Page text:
Character Lookbooks

I’m finishing my first draft of my novel We Fall Down, which means I’m getting ready to outline, timeline, and tear down/rebuild my characters as I fix/change the plot.

A massive thing that I’ve found helpful is creating lookbooks on Pinterest: this was actually something I learned in one of my film classes and it’s been really fun to experiment with them in writing.

Lookbooks are not the same as aesthetic boards, they’re not based around particular emotions or a theme but rather the complex person/people/worlds you have in your movie, or in this case, story.

So, you may ask, what exactly is a lookbook?

It’s a much more effective way of character/world building for those of us more visual people.deborah_lookbook.PNG

I have a lookbook for every main character in my novel: We Fall Down.  Each look book or designated Pinterest board breaks down every part of who my character is, there are tiny subplots, main plots, emotions, how my character dress, etc.

I love the idea behind those super detailed character questionnaires but I don’t have the time nor the energy to actually go through them. Most of the time also, they’re full of useless stuff that I don’t need because every single character and their parts of the story is different.

Lookbooks are unique to every character, writer, and story.  So all those photos or quotes you see around the internet and you think: ‘that is exactly how my character feels on page 20, paragraph 2 when Jake tells her he loves  her’, put those into your lookbook.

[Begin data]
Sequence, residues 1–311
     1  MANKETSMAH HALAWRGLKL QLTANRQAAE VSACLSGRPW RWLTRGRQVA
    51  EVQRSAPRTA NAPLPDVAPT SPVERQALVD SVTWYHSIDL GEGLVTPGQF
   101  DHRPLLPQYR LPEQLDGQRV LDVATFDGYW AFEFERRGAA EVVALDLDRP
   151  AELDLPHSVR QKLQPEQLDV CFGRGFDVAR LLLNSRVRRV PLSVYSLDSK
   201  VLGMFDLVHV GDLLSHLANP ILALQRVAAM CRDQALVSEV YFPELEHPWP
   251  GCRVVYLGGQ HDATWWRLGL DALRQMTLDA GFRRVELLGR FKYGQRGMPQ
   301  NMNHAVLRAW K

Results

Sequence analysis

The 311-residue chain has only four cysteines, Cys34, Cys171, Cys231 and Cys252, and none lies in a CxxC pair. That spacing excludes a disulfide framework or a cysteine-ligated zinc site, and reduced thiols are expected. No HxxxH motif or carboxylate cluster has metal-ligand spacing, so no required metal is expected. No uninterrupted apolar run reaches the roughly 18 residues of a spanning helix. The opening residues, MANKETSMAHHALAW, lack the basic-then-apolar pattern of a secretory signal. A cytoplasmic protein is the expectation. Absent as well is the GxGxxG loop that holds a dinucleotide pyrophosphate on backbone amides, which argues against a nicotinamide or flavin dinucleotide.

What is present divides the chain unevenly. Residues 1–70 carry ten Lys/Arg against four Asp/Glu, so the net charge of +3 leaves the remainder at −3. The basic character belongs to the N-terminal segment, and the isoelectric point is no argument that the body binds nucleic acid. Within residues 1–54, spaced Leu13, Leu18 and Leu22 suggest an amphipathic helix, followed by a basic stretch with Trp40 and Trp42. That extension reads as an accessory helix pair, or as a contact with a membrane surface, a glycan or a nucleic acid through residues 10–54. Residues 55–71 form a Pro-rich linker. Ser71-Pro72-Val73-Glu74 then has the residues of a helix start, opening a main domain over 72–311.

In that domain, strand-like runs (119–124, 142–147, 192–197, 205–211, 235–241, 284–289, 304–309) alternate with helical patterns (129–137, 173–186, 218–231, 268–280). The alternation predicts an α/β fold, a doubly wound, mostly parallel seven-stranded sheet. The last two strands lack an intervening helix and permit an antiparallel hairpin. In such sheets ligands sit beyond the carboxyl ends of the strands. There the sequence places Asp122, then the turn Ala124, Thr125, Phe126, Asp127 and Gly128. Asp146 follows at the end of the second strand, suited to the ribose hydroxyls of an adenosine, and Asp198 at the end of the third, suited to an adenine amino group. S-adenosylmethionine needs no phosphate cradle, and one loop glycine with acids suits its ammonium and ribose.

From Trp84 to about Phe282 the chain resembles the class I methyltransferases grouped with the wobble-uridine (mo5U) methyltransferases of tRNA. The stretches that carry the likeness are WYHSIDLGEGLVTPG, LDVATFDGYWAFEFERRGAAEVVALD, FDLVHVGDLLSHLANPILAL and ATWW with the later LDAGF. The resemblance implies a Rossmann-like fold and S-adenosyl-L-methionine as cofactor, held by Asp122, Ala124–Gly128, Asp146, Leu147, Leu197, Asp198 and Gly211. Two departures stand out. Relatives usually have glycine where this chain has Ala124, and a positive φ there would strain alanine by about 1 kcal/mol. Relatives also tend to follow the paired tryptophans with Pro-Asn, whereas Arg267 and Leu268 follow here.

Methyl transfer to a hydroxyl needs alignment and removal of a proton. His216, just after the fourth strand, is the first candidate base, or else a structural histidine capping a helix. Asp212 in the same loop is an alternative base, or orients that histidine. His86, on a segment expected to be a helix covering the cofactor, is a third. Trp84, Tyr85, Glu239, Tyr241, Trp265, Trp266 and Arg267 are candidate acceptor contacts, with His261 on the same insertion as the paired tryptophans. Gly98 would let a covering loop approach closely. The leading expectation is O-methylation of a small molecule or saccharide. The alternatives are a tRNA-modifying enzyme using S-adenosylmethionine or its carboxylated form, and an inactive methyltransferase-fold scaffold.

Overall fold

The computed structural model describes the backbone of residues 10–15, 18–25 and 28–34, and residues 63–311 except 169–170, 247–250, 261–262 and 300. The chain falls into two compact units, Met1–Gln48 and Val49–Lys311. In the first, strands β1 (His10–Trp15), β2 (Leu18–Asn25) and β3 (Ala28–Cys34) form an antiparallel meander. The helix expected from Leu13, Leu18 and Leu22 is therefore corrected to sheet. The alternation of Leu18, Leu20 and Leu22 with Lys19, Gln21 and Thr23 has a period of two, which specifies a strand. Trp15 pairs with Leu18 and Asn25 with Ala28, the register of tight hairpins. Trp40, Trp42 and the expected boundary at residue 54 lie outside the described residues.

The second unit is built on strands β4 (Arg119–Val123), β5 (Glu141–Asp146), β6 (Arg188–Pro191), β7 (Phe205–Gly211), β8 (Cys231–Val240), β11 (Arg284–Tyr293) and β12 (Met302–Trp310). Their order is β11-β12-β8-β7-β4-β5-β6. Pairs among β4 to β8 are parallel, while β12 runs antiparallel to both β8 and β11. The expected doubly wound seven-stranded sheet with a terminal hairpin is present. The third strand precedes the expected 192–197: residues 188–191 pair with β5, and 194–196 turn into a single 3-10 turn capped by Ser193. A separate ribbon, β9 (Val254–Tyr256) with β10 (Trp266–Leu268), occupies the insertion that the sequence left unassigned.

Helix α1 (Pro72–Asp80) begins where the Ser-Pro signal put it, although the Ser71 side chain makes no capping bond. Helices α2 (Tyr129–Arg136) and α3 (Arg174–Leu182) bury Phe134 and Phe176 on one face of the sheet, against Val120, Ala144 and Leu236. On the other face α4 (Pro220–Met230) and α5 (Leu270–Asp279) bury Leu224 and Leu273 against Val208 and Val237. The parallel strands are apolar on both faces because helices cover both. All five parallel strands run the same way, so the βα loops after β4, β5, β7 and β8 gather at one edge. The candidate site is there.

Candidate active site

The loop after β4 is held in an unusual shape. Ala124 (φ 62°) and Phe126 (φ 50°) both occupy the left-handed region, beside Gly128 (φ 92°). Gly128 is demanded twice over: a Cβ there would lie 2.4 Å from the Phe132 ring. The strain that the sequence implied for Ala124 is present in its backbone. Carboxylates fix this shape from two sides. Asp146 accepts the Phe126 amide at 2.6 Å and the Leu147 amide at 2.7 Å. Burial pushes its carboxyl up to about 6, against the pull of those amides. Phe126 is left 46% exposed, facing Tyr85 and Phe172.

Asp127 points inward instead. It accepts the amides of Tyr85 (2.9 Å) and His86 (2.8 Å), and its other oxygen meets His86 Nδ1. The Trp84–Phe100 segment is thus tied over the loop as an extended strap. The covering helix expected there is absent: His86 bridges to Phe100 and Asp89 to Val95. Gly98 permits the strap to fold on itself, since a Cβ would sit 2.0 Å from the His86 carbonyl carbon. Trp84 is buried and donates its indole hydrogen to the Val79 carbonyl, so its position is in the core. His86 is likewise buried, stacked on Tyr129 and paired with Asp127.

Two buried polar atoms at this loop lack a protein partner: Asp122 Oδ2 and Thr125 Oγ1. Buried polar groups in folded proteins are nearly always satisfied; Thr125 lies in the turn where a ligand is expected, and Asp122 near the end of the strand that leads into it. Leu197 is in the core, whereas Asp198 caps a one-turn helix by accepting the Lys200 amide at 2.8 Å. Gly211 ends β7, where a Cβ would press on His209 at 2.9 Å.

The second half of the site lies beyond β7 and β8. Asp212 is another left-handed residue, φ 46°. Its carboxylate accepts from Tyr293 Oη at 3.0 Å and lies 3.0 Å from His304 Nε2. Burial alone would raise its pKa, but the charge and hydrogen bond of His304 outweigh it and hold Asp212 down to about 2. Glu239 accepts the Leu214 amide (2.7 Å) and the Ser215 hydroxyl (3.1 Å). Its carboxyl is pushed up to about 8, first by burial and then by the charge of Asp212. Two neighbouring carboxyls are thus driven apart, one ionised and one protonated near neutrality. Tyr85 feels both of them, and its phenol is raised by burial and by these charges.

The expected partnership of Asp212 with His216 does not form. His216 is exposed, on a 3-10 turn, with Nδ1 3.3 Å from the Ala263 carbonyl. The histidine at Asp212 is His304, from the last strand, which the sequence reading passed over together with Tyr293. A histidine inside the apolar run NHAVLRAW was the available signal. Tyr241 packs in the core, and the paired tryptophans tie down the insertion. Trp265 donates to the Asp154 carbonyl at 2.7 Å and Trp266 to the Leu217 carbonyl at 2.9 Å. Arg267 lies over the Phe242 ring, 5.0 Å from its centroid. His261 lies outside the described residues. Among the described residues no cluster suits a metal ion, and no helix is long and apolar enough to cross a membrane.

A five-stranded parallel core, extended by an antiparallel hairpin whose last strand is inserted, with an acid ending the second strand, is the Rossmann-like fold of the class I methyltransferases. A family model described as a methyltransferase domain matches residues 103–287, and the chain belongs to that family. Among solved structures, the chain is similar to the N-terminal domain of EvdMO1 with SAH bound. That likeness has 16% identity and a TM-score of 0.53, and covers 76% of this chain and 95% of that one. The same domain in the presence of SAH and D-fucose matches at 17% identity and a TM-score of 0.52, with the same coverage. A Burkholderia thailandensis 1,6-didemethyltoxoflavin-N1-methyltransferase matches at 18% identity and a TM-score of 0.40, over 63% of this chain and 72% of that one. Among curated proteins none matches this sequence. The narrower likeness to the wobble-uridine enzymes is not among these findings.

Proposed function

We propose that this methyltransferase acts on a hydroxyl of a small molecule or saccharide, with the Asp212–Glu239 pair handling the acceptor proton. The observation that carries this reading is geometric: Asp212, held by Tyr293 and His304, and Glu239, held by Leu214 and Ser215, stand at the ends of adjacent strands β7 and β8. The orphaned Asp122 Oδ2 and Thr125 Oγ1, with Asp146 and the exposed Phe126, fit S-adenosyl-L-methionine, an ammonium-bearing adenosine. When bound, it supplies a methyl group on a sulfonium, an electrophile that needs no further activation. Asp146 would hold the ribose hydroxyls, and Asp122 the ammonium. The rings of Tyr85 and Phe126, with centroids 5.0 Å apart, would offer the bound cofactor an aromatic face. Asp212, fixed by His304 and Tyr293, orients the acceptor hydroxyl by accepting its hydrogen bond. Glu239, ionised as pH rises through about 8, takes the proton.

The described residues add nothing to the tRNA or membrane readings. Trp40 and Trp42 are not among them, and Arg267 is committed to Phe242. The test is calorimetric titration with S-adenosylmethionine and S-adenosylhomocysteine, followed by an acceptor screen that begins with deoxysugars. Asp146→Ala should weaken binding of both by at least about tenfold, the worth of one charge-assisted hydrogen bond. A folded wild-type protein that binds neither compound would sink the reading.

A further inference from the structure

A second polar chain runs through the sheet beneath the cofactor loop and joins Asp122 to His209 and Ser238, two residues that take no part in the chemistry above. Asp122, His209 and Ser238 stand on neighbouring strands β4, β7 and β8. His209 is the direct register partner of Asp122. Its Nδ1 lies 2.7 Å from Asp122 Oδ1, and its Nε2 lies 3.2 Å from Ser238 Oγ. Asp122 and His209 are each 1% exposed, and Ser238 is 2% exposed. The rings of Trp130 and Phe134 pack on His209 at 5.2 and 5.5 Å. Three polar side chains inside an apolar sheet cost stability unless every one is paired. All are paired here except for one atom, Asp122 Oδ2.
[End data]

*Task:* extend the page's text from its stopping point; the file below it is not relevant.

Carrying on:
It’s like a scrapbook of all the emotions your character has felt and what you want to convey to your audience.  My character Deborah is part of a rebel group that has conditioned her to be an assassin, like her mother. They’re in the beginning paragraphs of a civil war. She’s struggling with deaths of friends and betrayals of friends on the other side of the fight.hunter_example.PNG

I also include art/pictures that hold certain features that I see in her. Like one picture shows the pain her eyes, another is how she may dress in a certain scene. They’re all things my audience will never see but they help me bring her to life on paper and in my mind and it helps me to remember small details that can easily get lost in my mind and imagination.

Because of lookbooks…

  • my characters have more complex emotional responses to situations, making them more relatable.
  • my characters have bigger, more vibrant personalities  full of little quirks and odd bits of humor and grief.
  • I understand how my character thinks mentally
  • my story is full of all those neat little twists, thoughts, and images that Tumblr likes to pull out of thin air.

I encourage you to try out your own lookbooks.

Stay Safe.




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